Barrowland neon does light up
There’s a definite downside to being forced off the road (aka not driving) in that you lose the desire to go to risky places carrying camera gear that might look expensive. Low light photography become a thing for early winter evenings when you can walk to possibly interesting places when there are still crowds around, rather than going places in the dead of night when they are deserted, and only likely to have people you would probably rather not meet being nearby.
I had no idea the Barrowland Ballroom neon still worked, let alone was in use, but there it was one (dark) afternoon/evening, flashing away and looking impressive.
As an aside, seeing it has made me wonder where I could find anything similar, since all the other (large) neon adverts are long gone from Glasgow.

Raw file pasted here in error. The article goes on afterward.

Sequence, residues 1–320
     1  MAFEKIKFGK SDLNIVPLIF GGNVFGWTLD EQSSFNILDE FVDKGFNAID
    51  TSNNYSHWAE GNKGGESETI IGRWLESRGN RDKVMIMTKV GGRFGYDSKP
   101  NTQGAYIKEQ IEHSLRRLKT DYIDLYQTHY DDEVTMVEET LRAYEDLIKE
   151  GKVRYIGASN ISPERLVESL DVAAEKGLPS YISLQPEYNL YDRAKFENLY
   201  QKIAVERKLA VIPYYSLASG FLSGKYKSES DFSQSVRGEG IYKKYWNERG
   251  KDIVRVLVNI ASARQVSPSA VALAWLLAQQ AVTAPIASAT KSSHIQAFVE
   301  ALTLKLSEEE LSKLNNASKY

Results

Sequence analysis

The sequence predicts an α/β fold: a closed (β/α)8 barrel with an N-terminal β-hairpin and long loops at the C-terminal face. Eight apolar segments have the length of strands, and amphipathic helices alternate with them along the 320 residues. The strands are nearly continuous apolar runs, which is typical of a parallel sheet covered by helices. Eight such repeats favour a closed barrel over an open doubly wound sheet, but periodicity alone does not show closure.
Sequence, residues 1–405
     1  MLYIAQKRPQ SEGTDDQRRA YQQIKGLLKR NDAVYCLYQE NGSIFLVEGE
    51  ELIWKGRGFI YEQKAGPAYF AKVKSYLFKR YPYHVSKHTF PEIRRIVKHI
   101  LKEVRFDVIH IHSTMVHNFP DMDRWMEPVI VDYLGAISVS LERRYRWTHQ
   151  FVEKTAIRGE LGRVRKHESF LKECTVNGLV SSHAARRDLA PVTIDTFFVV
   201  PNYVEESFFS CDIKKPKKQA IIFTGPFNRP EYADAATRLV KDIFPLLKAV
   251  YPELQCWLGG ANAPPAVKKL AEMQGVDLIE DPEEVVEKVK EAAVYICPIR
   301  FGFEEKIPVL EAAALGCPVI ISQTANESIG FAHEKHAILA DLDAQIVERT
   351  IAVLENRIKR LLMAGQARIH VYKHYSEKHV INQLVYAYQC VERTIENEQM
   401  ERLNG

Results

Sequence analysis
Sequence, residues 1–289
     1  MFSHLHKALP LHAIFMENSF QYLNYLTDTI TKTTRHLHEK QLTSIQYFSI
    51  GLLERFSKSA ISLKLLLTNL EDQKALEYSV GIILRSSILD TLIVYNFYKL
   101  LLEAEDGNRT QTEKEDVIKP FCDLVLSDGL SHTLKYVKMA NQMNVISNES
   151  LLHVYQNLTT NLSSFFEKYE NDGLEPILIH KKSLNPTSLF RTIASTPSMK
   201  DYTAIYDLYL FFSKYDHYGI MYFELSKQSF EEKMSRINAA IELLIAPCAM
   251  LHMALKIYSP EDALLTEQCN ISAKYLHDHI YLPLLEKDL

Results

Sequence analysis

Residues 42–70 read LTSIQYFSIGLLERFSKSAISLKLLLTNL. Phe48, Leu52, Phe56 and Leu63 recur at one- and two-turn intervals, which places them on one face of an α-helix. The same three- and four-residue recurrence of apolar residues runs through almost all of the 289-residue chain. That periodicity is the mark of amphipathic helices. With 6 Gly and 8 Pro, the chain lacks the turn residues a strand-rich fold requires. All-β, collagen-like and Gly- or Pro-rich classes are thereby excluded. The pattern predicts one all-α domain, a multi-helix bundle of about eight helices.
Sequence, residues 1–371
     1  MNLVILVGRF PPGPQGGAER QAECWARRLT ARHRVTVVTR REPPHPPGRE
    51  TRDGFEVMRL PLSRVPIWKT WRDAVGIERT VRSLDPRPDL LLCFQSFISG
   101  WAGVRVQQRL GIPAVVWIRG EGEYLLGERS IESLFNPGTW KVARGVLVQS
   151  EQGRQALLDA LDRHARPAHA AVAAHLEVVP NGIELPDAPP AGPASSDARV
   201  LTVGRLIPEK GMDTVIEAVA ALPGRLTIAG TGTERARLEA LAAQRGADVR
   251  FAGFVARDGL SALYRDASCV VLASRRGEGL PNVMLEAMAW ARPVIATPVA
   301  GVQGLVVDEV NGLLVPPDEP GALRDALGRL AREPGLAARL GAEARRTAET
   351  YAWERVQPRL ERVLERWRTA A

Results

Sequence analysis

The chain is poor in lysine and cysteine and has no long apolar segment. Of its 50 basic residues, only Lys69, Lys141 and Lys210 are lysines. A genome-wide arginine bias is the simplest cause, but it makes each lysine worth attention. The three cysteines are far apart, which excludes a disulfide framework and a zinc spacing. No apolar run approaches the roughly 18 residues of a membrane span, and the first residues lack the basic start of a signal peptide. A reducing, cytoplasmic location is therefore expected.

I don’t have a sufficiently wide lens to catch the whole frontage in one shot, and panorama stitching results in distortion when used so close to the subject, so this was a chance to exercise some perspective correction filtering I had been using for another project. Provided this is applied correctly (and ignoring the anomalies that can arise for non-planar views) the results can be pretty good, as this corrected shot illustrates:
The coach wasn’t going anywhere, and is the only real flaw.
It was harder timing this shot to catch all the lighting active than to correct it, since the stars and letters are not all illuminated all the time. Now alerted, you should be able to spot the variation in intensity of some of them.
‘Experts’ (who I suspect don’t even own a camera) keep telling me to shoot this sort of scene in RAW, but I’m sorry, I’ll be ignoring them and sticking with jpg while the results come out like this, and I don’t have to work harder.
For reference, this is the original view, which I had to capture from one side and at an angle to get into a single frame.
This was partly dictated by the lens, but at the time, was also forced on me as it was the only place I could get a clear and unobstructed view (forgetting that coach), and I’d probably have been given a hard time if I’d tried climbing onto the roof of pub/shops just behind.
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